Oil prices continue plunge as coronavirus keeps market in a chokehold

Oil prices continue plunge as coronavirus keeps market in a chokehold

Oil prices continued a historic plunge Tuesday as the coronavirus pandemic’s stranglehold on demand for fuel showed no signs of loosening any time soon.

June futures contracts for West Texas Intermediate crude oil plunged as much as 68 percent to $6.50 a barrel — the lowest price in at least 50 years. And the May contracts expiring Tuesday only managed to climb as high as $13.86 a barrel after turning negative for the first time ever Monday, a stunning development that meant traders were paying to get rid of the stuff.

Experts say prices will continue to plummet as long as lockdowns meant to curb the coronavirus prevent consumers from traveling while the world remains awash in oil with almost nowhere to store it — meaning they could drop below zero again in a month’s time.

“The situation’s only going to get worse until it gets better,” said Will Rhind, CEO of GraniteShares, which manages exchange-traded funds for commodities. “We’re still pumping an incredible amount of oil and so long as we keep these lockdowns in place or have our economy shut down, there’s no demand.”

The latest nosedive prompted President Trump to promise a financial lifeline Tuesday to American oil companies facing a grave financial threat from the low prices.

Trump said he instructed Treasury Secretary Steven Mnuchin and Energy Secretary Dan Brouillette to create a plan to make money available “so that these very important companies and jobs will be secured long into the future!”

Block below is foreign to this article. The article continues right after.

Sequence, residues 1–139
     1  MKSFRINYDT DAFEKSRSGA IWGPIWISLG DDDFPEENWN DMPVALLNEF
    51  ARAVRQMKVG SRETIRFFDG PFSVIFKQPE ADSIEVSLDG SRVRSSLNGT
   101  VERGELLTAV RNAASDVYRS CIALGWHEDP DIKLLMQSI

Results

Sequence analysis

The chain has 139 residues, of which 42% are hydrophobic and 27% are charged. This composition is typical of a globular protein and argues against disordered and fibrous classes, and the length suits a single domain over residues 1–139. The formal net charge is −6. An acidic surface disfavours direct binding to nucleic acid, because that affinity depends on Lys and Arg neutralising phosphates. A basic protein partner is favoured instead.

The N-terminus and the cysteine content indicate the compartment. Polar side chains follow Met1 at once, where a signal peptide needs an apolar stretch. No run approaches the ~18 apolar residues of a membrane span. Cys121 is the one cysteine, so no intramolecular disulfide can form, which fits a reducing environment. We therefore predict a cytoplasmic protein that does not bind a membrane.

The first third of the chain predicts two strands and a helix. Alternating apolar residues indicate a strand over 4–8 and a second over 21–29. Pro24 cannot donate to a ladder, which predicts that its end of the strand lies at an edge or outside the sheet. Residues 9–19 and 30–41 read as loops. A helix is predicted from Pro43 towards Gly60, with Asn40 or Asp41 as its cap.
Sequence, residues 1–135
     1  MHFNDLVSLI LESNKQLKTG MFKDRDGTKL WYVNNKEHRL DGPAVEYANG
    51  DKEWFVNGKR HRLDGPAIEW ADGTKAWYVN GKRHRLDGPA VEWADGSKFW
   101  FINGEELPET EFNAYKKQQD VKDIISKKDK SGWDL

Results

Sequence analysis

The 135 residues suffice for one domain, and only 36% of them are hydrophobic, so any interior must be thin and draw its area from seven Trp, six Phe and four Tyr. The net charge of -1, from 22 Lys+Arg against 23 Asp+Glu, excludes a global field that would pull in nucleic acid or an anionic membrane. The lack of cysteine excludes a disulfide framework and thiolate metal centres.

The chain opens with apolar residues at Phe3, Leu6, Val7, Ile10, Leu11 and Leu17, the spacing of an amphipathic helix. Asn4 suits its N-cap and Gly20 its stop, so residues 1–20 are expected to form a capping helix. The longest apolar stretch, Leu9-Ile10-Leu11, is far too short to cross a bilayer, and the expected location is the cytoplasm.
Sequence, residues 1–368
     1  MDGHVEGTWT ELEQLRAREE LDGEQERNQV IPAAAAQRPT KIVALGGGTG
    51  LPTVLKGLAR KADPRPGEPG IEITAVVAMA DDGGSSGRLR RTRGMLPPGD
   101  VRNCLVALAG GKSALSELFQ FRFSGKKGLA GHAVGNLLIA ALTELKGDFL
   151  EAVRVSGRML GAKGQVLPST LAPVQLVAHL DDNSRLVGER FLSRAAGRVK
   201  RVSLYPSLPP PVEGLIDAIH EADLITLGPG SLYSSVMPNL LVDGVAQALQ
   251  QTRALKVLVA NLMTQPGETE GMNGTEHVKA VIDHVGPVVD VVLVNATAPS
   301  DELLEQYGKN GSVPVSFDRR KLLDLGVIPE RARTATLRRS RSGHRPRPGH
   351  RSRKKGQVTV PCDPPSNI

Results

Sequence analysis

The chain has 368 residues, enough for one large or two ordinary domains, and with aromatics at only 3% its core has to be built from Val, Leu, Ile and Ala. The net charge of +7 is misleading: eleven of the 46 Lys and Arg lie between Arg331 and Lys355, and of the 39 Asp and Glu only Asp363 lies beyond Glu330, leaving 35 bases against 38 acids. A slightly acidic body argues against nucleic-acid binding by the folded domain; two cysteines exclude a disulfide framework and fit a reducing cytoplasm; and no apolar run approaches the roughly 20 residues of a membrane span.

“We will never let the great US Oil & Gas Industry down,” Trump said on Twitter.

Oil prices fell off a cliff over the past two months thanks to a mismatch between demand and supply. The coronavirus crisis has caused the world to use far less oil, but producers have not cut back on the amount they pump out of the ground. Saudi Arabia actually threatened to increase its output last month in a price war with Russia that has since been settled. Even a recent international agreement to cut back global production by 9.7 million barrels was deemed insufficient by the market.

The chaos in the global market has left American oil firms with a sort of Sophie’s choice: keep pumping oil that could be sold at rock-bottom prices, or take the expensive step of closing up wells. The latest disruption will likely force companies to choose the latter, according to Al Kluis, managing director of Kluis Commodity Advisors.

“It’s just been like a slow moving shipwreck,” Kluis told The Post. “The market is telling people even though it might hurt your profitability, short term you’ve gotta cap the wells.”

Oil prices outside the US haven’t been immune to the slump. June futures for Brent crude, the international benchmark, fell 31 percent Tuesday to a low of $17.51 a barrel, the lowest since 1999.

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